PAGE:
The United States accused the Syrian government on Friday of utilizing banned chemical arms at least 50 times since Syria’s civil war started seven years ago — far higher than the number of attacks that had been publicly confirmed.
The accusation, made by the American ambassador to the United Nations, Nikki R. Haley, came during a vitriolic exchange with her Russian counterpart at a meeting of the Security Council, which focused on a suspected chemical weapons assault in a Damascus suburb last week.
President Trump has expressed outrage over the deadly assault in the suburb, Douma, and threatened a military response. When that might happen remains unclear.
Without elaborating on the sources of her information, Ms. Haley said the American government had estimated that the forces of President Bashar al-Assad of Syria have utilized chemical weapons “at least 50 times” since the war began.
The use of chemical weapons is a war crime.
“Our president has not yet made a decision about probable action in Syria,” Ms. Haley told the council. “But should the United States and our allies decide to act in Syria, it will be in defense of a principle on which we all agree.”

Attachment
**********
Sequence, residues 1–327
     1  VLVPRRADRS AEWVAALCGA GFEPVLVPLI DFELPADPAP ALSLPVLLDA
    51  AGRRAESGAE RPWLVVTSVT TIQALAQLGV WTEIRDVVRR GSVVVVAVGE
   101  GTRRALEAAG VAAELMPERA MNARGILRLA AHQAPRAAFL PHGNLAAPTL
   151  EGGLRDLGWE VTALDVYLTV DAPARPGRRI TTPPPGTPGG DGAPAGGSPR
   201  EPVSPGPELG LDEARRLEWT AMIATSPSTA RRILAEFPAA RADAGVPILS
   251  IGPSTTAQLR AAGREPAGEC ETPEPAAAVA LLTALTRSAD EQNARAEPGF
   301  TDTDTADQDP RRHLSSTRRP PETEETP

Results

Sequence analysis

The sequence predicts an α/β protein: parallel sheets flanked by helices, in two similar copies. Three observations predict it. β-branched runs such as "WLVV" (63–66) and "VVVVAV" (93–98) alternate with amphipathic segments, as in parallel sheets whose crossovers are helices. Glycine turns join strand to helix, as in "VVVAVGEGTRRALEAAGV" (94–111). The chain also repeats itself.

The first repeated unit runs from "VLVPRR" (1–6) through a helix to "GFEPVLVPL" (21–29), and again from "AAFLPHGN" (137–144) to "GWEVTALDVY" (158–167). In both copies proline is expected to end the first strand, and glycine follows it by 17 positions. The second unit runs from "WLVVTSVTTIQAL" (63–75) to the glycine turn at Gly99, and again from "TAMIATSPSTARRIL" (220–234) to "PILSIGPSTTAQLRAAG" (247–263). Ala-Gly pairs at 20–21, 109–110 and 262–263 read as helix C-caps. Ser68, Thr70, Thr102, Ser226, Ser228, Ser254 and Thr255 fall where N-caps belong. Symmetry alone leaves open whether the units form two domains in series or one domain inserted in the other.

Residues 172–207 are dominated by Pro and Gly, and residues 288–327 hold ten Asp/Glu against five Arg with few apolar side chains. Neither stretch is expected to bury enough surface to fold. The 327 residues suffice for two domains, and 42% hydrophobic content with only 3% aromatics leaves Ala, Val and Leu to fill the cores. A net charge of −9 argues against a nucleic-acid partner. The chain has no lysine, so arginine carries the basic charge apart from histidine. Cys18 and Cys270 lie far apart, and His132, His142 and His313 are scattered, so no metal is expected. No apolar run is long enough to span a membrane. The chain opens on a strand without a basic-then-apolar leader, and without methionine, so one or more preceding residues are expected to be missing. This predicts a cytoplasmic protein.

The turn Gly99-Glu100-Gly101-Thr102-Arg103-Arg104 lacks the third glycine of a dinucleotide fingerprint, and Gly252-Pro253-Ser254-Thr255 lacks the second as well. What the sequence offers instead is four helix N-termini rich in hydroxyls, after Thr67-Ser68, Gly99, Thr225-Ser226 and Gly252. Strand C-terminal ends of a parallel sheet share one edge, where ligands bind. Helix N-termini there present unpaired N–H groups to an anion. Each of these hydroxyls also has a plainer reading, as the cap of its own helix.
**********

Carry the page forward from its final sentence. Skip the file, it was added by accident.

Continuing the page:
The Russian ambassador, Vasily A. Nebenzya, accused the United States and its allies of reckless Middle East warmongering by threatening Syria with military force.
Mr. Nebenzya also said there was no confirmed evidence that chemical weapons had been utilized in the April 7 Douma attack, and that the United States and its allies had “demonstrated they have no interest in an investigation,” although international chemical weapons inspectors have been sent to Syria to conduct an inquiry.
The Russian envoy also asserted that Russia, Mr. Assad’s biggest ally, had done far more than the West to achieve peace in the Syria conflict. He accused Washington of having adopted “a categorical policy to unleash military force against Syria.”
Mr. Trump’s threats of a strike on Mr. Assad’s forces, the Russian envoy said, were “unworthy of a permanent member of the Security Council.”
Ms. Haley said she was incredulous at Mr. Nebenzya’s defense of the Syrian government and his overall portrayal of events. “I’m in awe of how you say what you say with a straight face,” she told the Russian ambassador.
Ms. Haley called the use of chemical weapons in Syria “a violation of all standards of morality.”
Referring to the Douma assault, Ms. Haley said: “We know who did this. Our allies know who did this. Russia can complain all it wants about fake news, but no one is buying its lies and its cover-ups.”